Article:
Tight end is one of the few positions where a Texas player has a clear advantage. Pat Fitzgerald is Texas' all-time leader in receptions (80), receiving yards (1,106) and TD receptions (12) by a tight end and was a first-team AP All-America selection in 1996. He has two of the top three single-season reception and yardage totals by a tight end, and shares the single-game record with three TD catches.
Bern Brostek preceded him and Benji Olson, Olin Kreutz and Chad Ward followed him, but no Washington offensive lineman has dominated like Lincoln Kennedy. A unanimous All-America selection in 1992, Kennedy was a two-time first-team All Pac-10 player and twice won the Morris Trophy as the top offensive lineman in the Pac-10. He allowed just two sacks in his four-year career, helped Washington average 387.6 yards of total offense in 1992, including over 190 rushing yards per game, and was the ninth overall selection in the 1993 NFL Draft.
|Lincoln Kennedy was one of the UW's best ever and now is a standout for the Raiders.|
How do you pick the best offensive lineman in the history of a school that has run the ball with effectiveness over several decades? Can it be done? You could choose Dan Neil, Tom Sisemore or Bob Weunsch, two-time All-America picks who led lines that produced some of the best offensive seasons in school history. Or you could pick Mike Babb, Blake Brockermeyer or last season's No. 2 overall draft pick, the 370-pound Leonard Davis. Hard to go wrong.
Steve Emtman was simply the most dominant and most decorated defensive lineman in Washington history. He anchored a defense that allowed just 67.1 rushing yards and 9.2 points per game in the Huskies' national championship season in 1991, winning both the Lombardi Award and the Outland Trophy and finishing fourth in the Heisman Trophy voting before becoming the first overall pick in the 1992 NFL Draft. Jason Chorak had more sacks while coming off the end and Dave Pear and Charles Jackson had more total tackles, but none were the focal point of opposing offenses like Emtman.
At Texas, defensive line is a position that has produced many outstanding players. Casey Hampton was a two-time All-America who led the team in total tackles in both 1999 and 2000 and is second all-time in tackles for loss (54), while Steve McMichael also earned All-America honors two seasons in a row and recorded over 360 career tackles and 28.5 career sacks. Tony Brackens was a consensus All-America pick in 1995 and a two-time consensus All Southwest Conference selection. Ken Sims earned back-to-back consensus All-America honors in 1980-81 and won the Lombardi Award in 1981. All were terrific players,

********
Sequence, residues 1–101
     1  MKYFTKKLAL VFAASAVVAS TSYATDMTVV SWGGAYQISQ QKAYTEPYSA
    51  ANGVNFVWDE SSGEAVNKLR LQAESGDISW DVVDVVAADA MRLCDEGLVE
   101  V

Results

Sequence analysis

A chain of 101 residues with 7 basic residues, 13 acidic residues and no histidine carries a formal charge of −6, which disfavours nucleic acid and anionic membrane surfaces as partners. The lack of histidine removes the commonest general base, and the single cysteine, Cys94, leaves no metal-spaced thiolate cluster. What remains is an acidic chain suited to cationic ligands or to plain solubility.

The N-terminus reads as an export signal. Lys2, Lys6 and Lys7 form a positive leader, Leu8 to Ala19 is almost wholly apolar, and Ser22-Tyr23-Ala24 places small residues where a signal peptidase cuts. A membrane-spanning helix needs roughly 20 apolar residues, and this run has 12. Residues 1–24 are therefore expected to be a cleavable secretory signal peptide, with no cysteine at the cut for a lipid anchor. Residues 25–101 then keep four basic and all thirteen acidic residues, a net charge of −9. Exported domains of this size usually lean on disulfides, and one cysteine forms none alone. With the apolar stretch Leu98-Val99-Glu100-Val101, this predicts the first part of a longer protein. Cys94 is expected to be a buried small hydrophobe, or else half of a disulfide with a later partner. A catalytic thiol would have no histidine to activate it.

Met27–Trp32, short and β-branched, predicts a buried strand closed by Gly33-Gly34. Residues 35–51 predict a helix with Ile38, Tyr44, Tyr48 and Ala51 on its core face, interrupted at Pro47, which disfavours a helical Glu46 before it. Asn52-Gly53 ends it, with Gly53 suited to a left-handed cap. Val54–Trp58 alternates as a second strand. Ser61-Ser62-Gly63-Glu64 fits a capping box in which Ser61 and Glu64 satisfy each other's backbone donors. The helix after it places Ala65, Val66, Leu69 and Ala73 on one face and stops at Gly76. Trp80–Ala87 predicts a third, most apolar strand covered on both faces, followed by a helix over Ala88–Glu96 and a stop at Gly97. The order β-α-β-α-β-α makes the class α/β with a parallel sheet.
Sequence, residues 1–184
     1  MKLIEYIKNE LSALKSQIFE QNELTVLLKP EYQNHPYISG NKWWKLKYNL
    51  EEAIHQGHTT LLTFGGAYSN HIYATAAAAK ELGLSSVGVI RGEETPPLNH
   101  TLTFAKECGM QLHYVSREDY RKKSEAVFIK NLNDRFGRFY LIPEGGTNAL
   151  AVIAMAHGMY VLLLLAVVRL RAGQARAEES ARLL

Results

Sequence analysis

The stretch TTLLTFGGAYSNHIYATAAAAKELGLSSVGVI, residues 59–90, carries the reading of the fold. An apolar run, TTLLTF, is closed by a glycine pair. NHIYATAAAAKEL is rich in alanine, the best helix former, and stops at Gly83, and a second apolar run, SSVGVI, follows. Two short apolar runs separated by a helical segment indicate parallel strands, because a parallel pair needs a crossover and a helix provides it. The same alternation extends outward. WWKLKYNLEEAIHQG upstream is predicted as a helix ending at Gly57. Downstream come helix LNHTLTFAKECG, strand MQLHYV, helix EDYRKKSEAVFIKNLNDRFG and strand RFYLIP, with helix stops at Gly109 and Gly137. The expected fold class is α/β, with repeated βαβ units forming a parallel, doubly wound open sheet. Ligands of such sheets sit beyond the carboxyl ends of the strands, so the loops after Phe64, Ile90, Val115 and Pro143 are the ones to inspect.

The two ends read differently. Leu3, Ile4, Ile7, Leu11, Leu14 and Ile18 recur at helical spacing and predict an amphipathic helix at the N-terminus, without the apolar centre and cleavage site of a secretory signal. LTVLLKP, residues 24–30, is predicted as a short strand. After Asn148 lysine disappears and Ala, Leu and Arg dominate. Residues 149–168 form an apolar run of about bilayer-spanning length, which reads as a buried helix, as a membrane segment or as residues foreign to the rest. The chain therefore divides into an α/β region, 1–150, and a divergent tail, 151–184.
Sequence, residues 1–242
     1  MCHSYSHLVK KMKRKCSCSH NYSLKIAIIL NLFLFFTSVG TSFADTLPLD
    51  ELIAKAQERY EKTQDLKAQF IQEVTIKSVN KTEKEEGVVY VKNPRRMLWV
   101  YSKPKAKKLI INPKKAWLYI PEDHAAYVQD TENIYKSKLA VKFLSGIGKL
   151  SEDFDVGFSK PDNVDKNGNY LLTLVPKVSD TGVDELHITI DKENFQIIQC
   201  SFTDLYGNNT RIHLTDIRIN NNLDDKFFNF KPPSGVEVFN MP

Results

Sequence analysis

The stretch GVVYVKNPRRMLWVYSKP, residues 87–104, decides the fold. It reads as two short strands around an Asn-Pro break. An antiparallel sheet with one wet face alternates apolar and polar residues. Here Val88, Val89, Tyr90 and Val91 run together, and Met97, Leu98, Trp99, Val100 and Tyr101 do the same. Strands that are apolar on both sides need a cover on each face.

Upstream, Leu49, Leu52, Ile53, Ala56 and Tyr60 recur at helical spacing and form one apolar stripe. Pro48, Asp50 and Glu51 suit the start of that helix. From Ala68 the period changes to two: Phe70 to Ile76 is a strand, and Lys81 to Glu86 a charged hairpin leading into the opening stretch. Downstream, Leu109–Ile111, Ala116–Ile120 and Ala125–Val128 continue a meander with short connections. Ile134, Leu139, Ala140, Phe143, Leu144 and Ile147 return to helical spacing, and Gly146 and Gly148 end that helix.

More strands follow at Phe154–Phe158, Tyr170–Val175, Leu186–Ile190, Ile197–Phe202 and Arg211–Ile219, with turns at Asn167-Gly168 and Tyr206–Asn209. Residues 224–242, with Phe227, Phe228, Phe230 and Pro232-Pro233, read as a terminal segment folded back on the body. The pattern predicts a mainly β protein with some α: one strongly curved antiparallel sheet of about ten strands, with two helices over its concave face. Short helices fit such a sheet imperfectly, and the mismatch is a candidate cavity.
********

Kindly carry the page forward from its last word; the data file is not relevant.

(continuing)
When Dave Hoffman earned back-to-back All-America honors in the 1991 and 1992 seasons, he became the first Washington linebacker since Rick Redman in 1963-64 to accomplish that feat. Hoffman also led the Huskies in tackles in each of his final three seasons, becoming the first to turn that trick since Dave Rill from 1985-87. Rill was no slouch himself, setting the career record for tackles by a linebacker with 532. There is also a case to be made for Michael Jackson, who holds the overall career record with 569 total tackles, has three of the top four single-game tackle totals in Washington history and once recorded 20 solo tackles in a game.
In a group that includes players like Britt Hager, Bruce Scholtz and Winfred Tubbs, Tommy Nobis tops the list. Nobis played linebacker and guard from 1963-65, was a two-time All-America selection and a three-time All-Southwest Conference pick, and won the Outland Trophy and Maxwell Awards in his senior year. He was the only sophomore starter on the Longhorns' 1963 national championship team, averaged almost 20 tackles per game at Texas and was often the primary blocker on touchdown runs. Nobis was a first-round draft pick by the Atlanta Falcons after his senior year and went on to a 10-year career that saw him named to the NFL's All-1960s team.
Two Washington defensive backs made strong cases for themselves by displaying different skills. Al Worley still holds the NCAA single-season record with an average of 1.4 interceptions per game in 1968, when he led the nation with 14 picks. His 18 career INTs are the Huskies' career record, and he had two separate three-game interception streaks in 1968. Milloy, on the other hand, made his name as a tackler. He led Washington in tackles in both 1994 (106) and 1995 (115), becoming the first defensive back in school history to lead the team in tackles in consecutive seasons. Milloy was an All-America selection in 1995, a two-time All-Pac-10 honoree and the 36th overall pick in the 1996 NFL Draft.
Quentin Jammer, who broke up a single-season record 24 passes this season, is the latest in a long line of brilliant defensive backs at Texas. Noble Doss holds the school record with 17 career interceptions and shares the single-season mark of seven INTs with Jerry Gray, who is second on career INTs with 16. Bryant Westbrook was an All-America selection in 1996, but does not hold any significant records because his terrific coverage skills scared off most quarterbacks. Johnny Johnson rounds out the group as a two-time consensus All-America pick (1978-79) who was a first-round pick of the Rams in 1980 and played 10 years in the NFL.
Jeff Jaeger was not only the most prolific field goal kicker in Washington history, but he also holds the NCAA record with 80 career field goals and is Washington's career scoring leader with 358 points. Steve Bramwell holds the school record with 1,143 kickoff return yards, while Beno Bryant holds the single-season (560) and career (1,019) records for punt return yards.
Mike Adams is the Longhorns' all-time leader in kickoff return yards (1,591), while Eric Metcalf leads in punt return yards (1,076) and also holds most of the Texas receiving records for running backs. Russel Erxleben was the longest kicker in UT history, kicking an NCAA-record 67-yard field goal in 1977 and hitting a record three 60-yarders in his career. He also holds the NCAA record for average field goal distance at 42.4 yards.
Rico Longoria is a researcher for ESPN.com.